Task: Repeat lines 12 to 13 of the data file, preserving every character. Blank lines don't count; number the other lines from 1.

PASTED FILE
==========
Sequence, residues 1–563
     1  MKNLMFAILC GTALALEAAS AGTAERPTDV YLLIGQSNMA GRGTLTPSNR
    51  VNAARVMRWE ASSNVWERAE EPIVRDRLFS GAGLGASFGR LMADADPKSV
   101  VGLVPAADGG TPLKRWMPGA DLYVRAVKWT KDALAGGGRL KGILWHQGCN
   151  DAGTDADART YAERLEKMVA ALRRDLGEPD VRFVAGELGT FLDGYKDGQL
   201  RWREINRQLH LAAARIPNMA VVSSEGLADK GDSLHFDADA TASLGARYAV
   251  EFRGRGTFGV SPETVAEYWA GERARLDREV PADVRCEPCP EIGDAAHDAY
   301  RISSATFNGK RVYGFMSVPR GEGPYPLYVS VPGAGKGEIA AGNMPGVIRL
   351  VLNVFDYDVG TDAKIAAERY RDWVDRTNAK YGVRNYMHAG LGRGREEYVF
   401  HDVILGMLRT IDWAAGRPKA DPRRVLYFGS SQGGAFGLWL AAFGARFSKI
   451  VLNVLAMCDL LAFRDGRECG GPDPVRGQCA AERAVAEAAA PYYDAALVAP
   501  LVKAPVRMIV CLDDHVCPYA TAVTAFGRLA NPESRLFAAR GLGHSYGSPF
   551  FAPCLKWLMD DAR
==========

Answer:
   501  LVKAPVRMIV CLDDHVCPYA TAVTAFGRLA NPESRLFAAR GLGHSYGSPF
   551  FAPCLKWLMD DAR